This way of earning money along with making traps was vital for progression e.g. in "Dance with Rogues" module. Anyway, I believe if Savant put light gems into Aielund Saga, he assumed it is a legitimate action to earn money this way.

    Light gems cost ca. 10 gold each and are - more or less - an equivalent of Continual Flame cast by clerics and wizards. All of the light gems add a constant property to an object, thus raising its market value. Pure gain on normal weapon is around 200 gold, and the better the item, the better the added value. Some weapons treated this way can gain even 3000 or more in value (unfortunately most merchants, apart from the druid in the town we start in, have a 5000 item cap attributed to them). Thanks to this trick I boarded a ship away from Culdeny with more than 100 000 gold and I already had in my pocket expensive gimmicks such as unlimited-magic-missile crossbow praised by my Paladin/Sorcerer.

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    1. "Anyway, I believe if Savant put light gems into Aielund Saga, he assumed it is a legitimate action to earn money this way."

      You would be wrong. He put light gems into Aielund Saga so that you could apply a source of light to gear and not be walking in darkness at night or underground if you wished to avoid that circumstance. It was absolutely not intended to be a way to make money -- using it in that method is at legitimate as just giving yourself gold using console commands. Same validity, same end result, and a lot less time needed.

      The problem is that avoiding that issue would require doing one of six things (possibly more options that I'm not thinking of off-hand):

      1, remove the light gems. This sucks for people who actually do want to use them legitimately and get some light around their characters.

      2, make the light gems massively expensive. Again, this sucks for people who actually do want to use them legitimately and get some light around their characters. It doesn't even necessarily fix the problem longer term on even more expensive items (like you noted, items can easily gain over 3000 gold in value).

      3, rewrite the item property cost 2da so that light does not add value. That's a considerable amount of effort to try to avoid people cheating in a game where they can already just give themselves gold via console commands.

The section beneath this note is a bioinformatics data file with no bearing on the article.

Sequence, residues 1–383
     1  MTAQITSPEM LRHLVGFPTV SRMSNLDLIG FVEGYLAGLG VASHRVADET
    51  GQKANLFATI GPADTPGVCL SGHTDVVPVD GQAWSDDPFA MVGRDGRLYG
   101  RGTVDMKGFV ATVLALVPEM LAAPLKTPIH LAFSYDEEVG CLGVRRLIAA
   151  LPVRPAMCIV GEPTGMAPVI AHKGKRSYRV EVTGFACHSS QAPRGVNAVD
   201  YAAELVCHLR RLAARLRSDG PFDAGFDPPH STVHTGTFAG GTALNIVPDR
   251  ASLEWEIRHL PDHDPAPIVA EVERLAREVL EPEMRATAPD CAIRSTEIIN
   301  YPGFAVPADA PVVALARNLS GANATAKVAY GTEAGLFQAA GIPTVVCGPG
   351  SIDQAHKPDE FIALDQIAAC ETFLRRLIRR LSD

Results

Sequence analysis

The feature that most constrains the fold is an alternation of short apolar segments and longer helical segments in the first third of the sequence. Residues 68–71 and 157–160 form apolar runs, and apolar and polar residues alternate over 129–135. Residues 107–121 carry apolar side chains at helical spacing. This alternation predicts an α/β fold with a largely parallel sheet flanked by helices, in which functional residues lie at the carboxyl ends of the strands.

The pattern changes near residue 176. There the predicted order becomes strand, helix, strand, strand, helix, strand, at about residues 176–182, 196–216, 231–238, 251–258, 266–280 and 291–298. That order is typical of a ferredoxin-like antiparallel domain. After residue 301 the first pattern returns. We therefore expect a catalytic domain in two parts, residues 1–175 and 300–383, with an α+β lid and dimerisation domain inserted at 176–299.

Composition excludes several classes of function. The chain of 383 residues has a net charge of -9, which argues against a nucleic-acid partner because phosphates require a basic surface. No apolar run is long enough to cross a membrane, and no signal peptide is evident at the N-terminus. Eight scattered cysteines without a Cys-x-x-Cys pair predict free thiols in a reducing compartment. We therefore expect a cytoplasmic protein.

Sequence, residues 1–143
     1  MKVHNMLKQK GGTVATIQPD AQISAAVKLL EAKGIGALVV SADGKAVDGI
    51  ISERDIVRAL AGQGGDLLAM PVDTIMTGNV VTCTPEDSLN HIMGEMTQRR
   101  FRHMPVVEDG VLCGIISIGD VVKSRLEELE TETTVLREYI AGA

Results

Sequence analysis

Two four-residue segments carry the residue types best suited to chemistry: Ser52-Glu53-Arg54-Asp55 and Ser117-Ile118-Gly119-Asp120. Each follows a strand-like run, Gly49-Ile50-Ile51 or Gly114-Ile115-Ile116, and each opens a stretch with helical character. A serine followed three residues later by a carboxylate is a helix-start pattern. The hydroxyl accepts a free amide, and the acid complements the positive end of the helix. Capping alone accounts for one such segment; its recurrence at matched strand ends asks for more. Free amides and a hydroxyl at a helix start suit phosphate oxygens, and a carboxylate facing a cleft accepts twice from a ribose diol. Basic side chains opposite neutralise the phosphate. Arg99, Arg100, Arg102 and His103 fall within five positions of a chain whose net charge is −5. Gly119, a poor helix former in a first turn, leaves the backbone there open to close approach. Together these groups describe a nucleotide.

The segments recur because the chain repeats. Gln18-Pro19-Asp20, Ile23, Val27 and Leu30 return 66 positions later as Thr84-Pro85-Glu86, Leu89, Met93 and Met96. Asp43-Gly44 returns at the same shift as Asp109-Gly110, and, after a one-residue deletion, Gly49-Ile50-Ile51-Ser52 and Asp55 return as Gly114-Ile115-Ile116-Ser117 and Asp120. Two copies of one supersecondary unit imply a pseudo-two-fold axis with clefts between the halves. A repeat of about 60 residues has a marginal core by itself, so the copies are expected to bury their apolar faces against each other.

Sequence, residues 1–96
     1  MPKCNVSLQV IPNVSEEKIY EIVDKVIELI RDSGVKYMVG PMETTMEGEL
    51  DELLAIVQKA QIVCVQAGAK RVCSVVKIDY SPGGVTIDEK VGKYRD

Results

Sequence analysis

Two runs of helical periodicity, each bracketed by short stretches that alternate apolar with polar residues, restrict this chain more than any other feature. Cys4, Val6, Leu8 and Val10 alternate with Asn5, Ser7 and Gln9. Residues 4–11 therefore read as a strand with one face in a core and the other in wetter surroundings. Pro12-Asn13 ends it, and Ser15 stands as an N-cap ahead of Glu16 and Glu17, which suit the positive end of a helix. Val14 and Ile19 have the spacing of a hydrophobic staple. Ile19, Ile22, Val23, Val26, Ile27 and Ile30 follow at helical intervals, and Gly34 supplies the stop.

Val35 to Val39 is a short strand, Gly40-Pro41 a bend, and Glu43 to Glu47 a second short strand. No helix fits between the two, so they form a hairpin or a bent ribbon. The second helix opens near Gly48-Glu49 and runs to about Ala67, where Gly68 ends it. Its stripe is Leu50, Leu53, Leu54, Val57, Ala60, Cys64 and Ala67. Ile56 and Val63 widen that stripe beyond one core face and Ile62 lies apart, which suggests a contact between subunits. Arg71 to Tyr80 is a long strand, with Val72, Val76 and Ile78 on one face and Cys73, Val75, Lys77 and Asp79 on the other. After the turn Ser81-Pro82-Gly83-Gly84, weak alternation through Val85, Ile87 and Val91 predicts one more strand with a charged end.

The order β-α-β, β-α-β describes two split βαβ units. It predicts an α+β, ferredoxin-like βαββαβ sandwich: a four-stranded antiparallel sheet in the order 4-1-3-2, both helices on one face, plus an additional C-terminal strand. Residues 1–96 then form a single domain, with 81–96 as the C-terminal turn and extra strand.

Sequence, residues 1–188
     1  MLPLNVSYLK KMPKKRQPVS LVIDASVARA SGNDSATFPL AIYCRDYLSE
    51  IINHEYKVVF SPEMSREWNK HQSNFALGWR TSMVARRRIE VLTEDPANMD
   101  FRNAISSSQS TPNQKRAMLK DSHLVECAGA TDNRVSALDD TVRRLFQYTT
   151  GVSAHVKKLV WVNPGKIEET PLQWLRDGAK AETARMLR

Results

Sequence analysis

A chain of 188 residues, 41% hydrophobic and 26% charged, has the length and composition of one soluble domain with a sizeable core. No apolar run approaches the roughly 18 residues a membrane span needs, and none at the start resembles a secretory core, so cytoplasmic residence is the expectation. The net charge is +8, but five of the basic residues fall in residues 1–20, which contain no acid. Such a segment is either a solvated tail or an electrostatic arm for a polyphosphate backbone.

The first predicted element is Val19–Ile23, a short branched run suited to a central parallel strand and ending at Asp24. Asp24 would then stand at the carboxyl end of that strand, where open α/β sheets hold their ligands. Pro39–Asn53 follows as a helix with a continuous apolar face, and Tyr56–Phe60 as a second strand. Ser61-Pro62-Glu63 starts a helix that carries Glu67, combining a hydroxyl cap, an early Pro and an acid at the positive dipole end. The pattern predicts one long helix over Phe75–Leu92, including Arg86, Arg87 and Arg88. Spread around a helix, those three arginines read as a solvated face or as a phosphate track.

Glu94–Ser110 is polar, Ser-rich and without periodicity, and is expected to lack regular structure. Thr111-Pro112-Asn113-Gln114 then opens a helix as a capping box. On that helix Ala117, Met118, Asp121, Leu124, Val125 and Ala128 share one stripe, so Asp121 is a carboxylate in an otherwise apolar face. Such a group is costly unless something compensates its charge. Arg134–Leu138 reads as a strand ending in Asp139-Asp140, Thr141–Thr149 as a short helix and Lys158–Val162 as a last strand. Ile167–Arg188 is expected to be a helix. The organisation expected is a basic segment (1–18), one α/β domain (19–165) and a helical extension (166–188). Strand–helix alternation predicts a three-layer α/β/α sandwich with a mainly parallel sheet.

4, make items that get light added not able to be sold in some fashion (could mark it as plot for 0g, stolen and not have any merchants accept stolen goods, or cursed so the player can't even get rid of it). Again, this sucks for people who actually do want to use them legitimately and get some light around their characters.

      5, the same as #4 except create an item that will remove the light property (and the plot/stolen/cursed flag), meaning that the item could be sold at its usual value. Again, this sucks for people who actually do want to use them legitimately and get some light around their characters and again takes more author effort.

      6, the same as #4, except making an item that automatically calculates the value of light, gives you the gold value of the item directly without counting the light, and destroys the item. Again, this sucks for people who actually do want to use them legitimately and get some light around their characters and again takes more author effort.

      The common theme here is "if people really want to cheat then trying to stop that is more effort than it's worth, particularly in a game with easy access to console commands anyway where you can just flat out give yourself gold."

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    2. Interesting remark, but I have not considered myself cheater so far. My line of thought was that removal of light gems would not hurt at all - I mean you could have left players only with torches as a pure, genuine, realistic medieval source of light and they would still manage to complete the game :) Or you could have presented gamers with only a very, very limited set of light gems. This would be quite easy to do when preparing a module. Still I wonder if Stephen L. Nowland would agree with you. Especially that in e.g. "Dance with Rogues" selling items enhanced by light gems as well as capitalizing on making and selling traps was a strongly suggested thing, advised in every walkthrough. It seemingly was supposed to be a part of game experience.

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    3. "My line of thought was that removal of light gems would not hurt at all - I mean you could have left players only with torches as a pure, genuine, realistic medieval source of light and they would still manage to complete the game"

      - 2H using characters would have to unequip the 2H to pull out the torch and vice versa.
      - shield using characters couldn't have the torch active with the shield, which makes them more vulnerable
      - dual-wielding characters would need to keep unequipping the torch in their offhand and equipping their actual offhand weapon
      - crossbow/bow using characters fall under the category of 2H, see above
      - gnome/halfling mages would have to unequip their magic staff to pull out the torch (2H for them)

      Yes, that can be set up on the action bar, but that's having to use up two action bar slots and creating an annoyance for the player to have to switch like that.

      "Or you could have presented gamers with only a very, very limited set of light gems."

      Or he didn't even realize that was possible (and apparently I never noticed the gems on my beta testing)...or knew it was possible but agreed with my logic above about how at a certain point people can cheat if they want and it's not worth the effort to stop them.

      "Still I wonder if Stephen L. Nowland would agree with you."